Courtrooms are inexact places. Juries and the processes they use to reach verdicts are parameterized, but a trial is nonetheless all about convincing those juries of something that is inexact and subjective at its core. In the US, this is “reasonable doubt.” To find guilt, a judge and-or jury must determine beyond a reasonable doubt that a defendant is guilty of an offense. In one courtroom, that reasonable doubt maybe be countered by overwhelming physical evidence, while, in another, it may be the testimony of an incentivized witness.
What it comes down to in the end is 12 normal non-expert people—strangers—arguing in a room. It should be an unsettling idea. I find it unsettling but also very interesting.
This is part of why I flagged a study posted earlier this week to arVix describing a machine learning-based system for identifying “deception” in courtroom videos. Basically, it uses computer vision to identify and classify facial micro-expressions and audio frequency analysis to pick out revealing patterns in voices. The resulting automatic deception classifier was found to be almost 90 percent accurate, handily beating out humans assigned to the same task. This was based on evaluations of 104 mock courtroom videos featuring actors instructed to be either deceptive or truthful.
“Deception is common in our daily lives,” the study opens. “Some lies are harmless, while others may have severe consequences and can become an existential threat to society. For example, lying in a court may affect justice and let a guilty defendant go free. Therefore, accurate detection of a deception in a high stakes situation is crucial for personal and public safety.”
Machine learning models are trained to make predictions based on features, which are basically measurements of some property with a hypothetical predictive value. Like, if you wanted to come up with a model predicting whether or not a car is likely to break down in the next year, you might look at a whole bunch of cars that have broken down or not broken down and at things describing those cars like mileage and year and make. Those would be features.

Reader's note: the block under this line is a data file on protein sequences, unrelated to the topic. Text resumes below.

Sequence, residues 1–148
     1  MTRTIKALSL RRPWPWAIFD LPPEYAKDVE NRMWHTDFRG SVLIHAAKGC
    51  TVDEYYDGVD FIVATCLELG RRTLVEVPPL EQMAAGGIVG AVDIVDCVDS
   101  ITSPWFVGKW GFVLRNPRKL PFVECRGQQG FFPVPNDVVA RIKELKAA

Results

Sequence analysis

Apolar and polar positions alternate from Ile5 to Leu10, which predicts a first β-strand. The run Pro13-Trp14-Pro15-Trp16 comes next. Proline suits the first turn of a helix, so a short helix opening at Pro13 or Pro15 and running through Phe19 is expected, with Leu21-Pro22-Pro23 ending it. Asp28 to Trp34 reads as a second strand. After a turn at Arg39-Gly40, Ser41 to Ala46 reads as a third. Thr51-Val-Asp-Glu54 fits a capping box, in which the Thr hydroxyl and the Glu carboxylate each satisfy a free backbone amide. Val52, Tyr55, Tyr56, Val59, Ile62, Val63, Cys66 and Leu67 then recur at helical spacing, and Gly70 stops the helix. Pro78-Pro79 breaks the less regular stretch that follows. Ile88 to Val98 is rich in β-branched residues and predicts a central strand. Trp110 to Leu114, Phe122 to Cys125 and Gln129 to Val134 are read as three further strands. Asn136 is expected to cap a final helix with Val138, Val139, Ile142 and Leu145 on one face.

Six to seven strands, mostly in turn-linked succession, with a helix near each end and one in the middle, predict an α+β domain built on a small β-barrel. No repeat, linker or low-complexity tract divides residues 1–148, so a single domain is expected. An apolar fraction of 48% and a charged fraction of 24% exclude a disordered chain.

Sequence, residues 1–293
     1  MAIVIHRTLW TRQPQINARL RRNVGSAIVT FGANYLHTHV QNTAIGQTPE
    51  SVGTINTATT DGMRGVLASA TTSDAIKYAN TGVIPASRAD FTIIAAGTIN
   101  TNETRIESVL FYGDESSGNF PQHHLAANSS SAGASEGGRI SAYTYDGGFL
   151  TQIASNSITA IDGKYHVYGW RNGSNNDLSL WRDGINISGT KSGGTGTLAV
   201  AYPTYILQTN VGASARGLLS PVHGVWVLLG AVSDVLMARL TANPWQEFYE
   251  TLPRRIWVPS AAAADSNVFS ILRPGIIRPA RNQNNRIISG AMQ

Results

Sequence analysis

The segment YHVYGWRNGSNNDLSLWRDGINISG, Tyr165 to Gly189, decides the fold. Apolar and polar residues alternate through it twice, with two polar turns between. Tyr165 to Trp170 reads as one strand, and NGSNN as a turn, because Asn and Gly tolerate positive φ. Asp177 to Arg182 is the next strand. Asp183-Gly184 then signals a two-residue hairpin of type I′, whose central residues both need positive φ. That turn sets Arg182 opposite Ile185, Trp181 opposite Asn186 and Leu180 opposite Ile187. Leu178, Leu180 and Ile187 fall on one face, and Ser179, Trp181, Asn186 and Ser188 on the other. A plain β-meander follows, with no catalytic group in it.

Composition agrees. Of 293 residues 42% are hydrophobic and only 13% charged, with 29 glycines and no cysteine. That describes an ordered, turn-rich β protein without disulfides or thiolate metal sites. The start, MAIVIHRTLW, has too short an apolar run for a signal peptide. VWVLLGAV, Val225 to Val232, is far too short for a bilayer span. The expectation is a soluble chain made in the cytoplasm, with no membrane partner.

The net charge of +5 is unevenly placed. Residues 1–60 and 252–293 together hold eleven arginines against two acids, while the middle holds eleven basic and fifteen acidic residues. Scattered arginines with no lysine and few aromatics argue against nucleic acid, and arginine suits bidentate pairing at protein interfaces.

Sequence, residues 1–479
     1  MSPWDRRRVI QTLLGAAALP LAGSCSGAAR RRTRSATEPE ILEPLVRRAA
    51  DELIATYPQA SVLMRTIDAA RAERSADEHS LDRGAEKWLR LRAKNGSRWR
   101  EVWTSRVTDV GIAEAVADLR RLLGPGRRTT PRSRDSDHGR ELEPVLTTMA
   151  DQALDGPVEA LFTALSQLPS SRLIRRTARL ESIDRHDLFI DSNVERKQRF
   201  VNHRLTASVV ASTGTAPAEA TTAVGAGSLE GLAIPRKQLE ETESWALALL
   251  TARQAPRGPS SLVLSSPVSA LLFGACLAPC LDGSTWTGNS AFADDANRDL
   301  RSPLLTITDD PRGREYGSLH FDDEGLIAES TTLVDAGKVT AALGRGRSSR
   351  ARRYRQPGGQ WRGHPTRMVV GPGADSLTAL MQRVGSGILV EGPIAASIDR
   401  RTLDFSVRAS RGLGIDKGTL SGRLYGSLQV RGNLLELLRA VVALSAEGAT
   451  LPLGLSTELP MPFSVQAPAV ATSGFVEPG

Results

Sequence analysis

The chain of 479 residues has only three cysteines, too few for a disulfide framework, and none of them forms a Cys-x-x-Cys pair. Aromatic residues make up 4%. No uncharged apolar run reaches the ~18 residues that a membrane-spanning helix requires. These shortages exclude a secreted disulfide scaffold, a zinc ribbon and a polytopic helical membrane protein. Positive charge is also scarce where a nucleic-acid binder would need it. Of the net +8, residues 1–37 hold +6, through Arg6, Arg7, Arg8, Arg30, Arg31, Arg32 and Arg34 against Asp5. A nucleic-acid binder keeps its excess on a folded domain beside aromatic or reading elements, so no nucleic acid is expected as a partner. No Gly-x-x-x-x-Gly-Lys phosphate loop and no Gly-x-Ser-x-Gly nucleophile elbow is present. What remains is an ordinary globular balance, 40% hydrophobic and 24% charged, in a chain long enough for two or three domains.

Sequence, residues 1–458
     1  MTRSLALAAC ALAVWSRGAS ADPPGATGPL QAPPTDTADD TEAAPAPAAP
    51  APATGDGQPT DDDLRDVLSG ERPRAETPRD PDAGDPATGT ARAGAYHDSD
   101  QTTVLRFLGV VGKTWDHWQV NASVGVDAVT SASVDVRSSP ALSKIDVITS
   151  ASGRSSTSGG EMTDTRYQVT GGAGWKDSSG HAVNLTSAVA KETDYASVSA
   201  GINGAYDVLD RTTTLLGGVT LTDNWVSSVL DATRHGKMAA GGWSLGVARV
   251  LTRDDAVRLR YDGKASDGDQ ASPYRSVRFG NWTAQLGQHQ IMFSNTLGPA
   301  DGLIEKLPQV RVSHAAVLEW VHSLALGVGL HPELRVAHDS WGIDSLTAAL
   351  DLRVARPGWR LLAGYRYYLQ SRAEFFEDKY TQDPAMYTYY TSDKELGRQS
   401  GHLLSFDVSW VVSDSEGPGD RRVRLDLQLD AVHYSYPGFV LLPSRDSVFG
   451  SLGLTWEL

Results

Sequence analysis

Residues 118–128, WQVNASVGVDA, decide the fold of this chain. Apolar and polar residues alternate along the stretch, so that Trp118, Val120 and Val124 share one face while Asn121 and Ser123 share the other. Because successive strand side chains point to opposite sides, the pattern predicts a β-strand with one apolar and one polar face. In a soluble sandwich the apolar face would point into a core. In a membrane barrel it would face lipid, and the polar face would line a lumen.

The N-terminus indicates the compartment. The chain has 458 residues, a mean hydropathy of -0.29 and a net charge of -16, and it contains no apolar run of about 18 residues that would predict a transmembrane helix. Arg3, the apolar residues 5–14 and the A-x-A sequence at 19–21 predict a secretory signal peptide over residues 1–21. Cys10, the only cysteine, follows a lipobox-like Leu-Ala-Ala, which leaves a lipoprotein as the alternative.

Here, those features include things like the aforementioned micro-expressions, including but not limited to “lips protruded” and “eyebrows frown.” These were the most important/useful features behind the model, but it also incorporated audio analysis and textual analysis of courtroom transcripts. Audio and textual features didn’t contribute much of anything to the overall accuracy of the predictive model. Micro-expressions were generally enough to suss out a lie.
Of course, to come up with a predictive model, we need a source of ground truth. That is, we need to have some examples where we know for sure that someone is being deceptive. This is where the study gets a bit soft, arguably. It relies on a deception detection dataset released a few years ago by computer scientists at the University of Michigan and the University of North Texas. The dataset basically consists of videos in which participants were asked to be either truthful or deceptive in different scenarios. The setup is a bit more clever than it sounds, but it seems to me to be a limitation, however necessary, to not have any “real world” data.
The subjectivity of a courtroom is both a bug and a feature. It allows for things like empathy, but it also (frequently) allows for very wrong determinations of guilt. That’s unsettling, but so is the idea of AI courtroom lie detectors and what sort of impact that may have on judges and juries.
As humans, there are some lies that we can live with and usually just accept as normal—the small lies or the white lies. These might not always disqualify a witness or condemn a defendant. A computer, however, makes no such determination. A lie is a lie, to a machine, even though as people we know that’s not the case.